Proof that Windows Phone is finding it nigh on impossible to work on low-cost smartphone hardware emerged on Monday when Nokia unveiled a new family of devices based on Android.

We use the term 'based on Android' because Nokia has used Android source code to create a user interface that is akin to Windows Phone and connects to Microsoft's cloud services, rather than a fully-fledged version of the Android operating system that connects to Google's cloud services. It does mean though that end users get access to select Android apps.

Stephen Elop, executive vice president of Nokia's Devices and Services division, introduced three devices that run on the new platform, the Nokia X, which constitutes the base model, the slightly higher-spec X+, and the XL, which is a five-inch phablet. The handsets are priced at €89, €99 and €109 respectively. The X is available now, while the X+ and XL will go on sale early in the second quarter. All three are pitched at what Nokia calls growth markets.

"These are…beautifully designed smartphones that run Android apps and Microsoft services," said Elop.

"The X family serves the fast-growing affordable smartphone segment…[and] they become a feeder system for [high-end] Lumia" smartphones, he explained.

Citing figures from Strategy Analytics, Elop said growth in the sub $100 smartphone market is expected to outpace the growth of the broader smartphone market by a factor of four.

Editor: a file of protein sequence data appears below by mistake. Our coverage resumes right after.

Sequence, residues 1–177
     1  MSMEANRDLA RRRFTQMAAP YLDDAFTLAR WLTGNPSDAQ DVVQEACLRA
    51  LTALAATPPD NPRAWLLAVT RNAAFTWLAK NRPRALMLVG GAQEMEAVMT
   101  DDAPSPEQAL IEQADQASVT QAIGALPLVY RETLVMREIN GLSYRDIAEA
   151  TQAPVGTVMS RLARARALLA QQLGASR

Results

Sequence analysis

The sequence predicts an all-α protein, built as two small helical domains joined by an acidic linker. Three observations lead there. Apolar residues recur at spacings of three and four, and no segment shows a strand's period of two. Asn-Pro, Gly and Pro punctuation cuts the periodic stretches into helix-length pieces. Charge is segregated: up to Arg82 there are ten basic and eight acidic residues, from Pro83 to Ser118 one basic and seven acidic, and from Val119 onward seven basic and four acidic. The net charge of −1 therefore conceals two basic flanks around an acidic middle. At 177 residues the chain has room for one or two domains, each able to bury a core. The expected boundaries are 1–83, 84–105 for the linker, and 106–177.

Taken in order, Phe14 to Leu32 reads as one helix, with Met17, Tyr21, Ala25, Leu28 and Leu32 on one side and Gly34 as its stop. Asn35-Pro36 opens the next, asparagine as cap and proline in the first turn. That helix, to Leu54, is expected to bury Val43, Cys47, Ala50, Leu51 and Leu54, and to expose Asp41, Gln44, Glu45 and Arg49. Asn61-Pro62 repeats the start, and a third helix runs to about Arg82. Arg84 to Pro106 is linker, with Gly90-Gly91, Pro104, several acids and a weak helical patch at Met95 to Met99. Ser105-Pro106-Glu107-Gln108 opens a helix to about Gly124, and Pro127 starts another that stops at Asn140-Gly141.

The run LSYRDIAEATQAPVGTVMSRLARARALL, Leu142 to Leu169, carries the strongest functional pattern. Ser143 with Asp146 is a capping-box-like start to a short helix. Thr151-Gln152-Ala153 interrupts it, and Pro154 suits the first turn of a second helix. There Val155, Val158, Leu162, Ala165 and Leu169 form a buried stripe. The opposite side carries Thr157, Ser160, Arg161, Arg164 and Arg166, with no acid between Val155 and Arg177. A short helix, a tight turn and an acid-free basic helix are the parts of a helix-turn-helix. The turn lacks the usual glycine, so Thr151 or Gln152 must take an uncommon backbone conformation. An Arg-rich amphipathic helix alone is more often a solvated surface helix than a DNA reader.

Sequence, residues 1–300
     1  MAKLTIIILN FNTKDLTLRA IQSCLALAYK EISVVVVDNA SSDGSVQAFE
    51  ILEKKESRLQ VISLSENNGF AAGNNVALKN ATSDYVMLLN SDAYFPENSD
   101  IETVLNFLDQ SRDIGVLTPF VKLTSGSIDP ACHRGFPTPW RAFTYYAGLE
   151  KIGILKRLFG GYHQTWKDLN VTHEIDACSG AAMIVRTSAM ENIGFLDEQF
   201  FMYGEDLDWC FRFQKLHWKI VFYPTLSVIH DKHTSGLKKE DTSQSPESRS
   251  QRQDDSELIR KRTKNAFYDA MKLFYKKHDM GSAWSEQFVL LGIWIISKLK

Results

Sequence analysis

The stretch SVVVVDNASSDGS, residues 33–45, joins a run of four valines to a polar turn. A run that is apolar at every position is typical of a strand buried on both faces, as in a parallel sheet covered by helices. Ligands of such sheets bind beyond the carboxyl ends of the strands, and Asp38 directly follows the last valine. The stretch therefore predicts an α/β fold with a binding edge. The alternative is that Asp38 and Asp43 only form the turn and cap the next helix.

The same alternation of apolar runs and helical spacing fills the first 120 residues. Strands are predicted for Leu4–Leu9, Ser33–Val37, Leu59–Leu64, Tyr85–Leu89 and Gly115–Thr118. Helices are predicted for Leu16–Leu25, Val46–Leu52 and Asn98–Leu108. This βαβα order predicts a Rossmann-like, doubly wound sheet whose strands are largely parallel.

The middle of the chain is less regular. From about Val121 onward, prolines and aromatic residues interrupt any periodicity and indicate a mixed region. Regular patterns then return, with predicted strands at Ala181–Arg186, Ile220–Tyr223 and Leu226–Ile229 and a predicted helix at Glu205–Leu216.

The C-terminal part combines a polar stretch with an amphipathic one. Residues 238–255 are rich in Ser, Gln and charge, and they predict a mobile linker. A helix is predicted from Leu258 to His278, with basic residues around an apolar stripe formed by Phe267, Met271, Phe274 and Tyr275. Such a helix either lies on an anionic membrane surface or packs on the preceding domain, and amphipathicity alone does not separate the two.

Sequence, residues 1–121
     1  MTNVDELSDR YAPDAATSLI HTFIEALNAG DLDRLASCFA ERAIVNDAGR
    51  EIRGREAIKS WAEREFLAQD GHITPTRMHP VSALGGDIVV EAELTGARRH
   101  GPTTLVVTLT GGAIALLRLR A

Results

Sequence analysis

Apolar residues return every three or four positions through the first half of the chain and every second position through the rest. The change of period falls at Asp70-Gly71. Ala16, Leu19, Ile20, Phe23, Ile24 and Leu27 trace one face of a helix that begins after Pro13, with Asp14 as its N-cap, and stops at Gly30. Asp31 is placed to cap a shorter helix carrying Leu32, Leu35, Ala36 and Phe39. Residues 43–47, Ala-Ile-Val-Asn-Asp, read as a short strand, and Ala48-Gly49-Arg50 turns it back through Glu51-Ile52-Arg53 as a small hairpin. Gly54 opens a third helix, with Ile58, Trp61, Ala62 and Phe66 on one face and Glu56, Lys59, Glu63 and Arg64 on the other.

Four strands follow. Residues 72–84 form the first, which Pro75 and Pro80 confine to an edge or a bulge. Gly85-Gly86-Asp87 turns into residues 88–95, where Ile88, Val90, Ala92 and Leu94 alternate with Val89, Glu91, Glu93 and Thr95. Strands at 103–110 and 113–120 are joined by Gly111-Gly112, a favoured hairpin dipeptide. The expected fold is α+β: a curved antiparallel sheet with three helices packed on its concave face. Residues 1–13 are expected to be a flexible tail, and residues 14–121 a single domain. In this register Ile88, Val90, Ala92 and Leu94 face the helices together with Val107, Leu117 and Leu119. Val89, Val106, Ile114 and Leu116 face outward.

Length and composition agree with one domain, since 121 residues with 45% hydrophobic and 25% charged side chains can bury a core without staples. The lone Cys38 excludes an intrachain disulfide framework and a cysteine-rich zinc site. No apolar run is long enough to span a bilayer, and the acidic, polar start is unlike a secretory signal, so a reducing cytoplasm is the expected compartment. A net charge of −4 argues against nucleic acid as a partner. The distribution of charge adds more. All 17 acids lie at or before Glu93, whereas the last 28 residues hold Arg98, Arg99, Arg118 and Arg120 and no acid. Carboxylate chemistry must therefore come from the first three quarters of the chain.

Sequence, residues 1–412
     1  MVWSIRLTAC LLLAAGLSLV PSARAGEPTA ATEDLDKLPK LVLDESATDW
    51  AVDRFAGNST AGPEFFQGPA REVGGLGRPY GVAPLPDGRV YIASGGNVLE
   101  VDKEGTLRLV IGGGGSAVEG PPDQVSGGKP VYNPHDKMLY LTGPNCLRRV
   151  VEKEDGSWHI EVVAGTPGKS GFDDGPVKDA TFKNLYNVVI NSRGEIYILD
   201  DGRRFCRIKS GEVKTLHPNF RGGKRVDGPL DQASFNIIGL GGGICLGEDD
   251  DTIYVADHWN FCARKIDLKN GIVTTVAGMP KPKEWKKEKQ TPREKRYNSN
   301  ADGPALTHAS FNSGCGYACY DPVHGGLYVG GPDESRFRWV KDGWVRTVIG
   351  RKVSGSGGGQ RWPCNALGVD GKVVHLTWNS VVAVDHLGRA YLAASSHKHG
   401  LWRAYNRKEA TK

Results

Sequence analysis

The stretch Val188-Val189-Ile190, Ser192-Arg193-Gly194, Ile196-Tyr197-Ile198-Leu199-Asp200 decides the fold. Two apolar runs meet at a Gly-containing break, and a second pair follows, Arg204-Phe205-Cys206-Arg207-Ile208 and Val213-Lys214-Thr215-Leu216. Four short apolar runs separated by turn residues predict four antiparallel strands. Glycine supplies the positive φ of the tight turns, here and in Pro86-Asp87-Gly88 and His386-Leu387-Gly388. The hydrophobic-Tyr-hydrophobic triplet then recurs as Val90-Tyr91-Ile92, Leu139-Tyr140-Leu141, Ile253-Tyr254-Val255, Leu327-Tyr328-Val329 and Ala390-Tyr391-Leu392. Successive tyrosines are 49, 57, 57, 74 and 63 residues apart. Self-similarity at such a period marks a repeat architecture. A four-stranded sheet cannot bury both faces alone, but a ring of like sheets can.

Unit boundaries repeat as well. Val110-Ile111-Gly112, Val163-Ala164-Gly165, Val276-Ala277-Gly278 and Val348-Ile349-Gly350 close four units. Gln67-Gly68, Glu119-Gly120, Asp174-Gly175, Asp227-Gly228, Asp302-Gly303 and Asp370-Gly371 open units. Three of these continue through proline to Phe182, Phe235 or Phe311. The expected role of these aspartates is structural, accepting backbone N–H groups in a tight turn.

By connecting to Microsoft's online services like its Outlook email and OneDrive cloud storage services, Nokia X devices "help Microsoft reach out to people they've never talked to before," Elop said.

Nonetheless he reiterated that "Windows Phone remains Nokia's primary smartphone platform."

Elop stepped down as Nokia CEO in September after the company agreed to sell its handset assets to his former employer Microsoft for €5.44 billion. He is due to transfer back to Microsoft when the deal completes.

Also on Monday, Nokia took the wraps off two new very low-cost handsets: the €29 Nokia 220, aimed at first-time Internet users, and the €45 Nokia Asha 230, which Elop said is Nokia's most "affordable Asha touch [screen] device ever".

In addition, Elop announced that BlackBerry Messenger (BBM) will soon be available on Lumia Windows Phone handsets.

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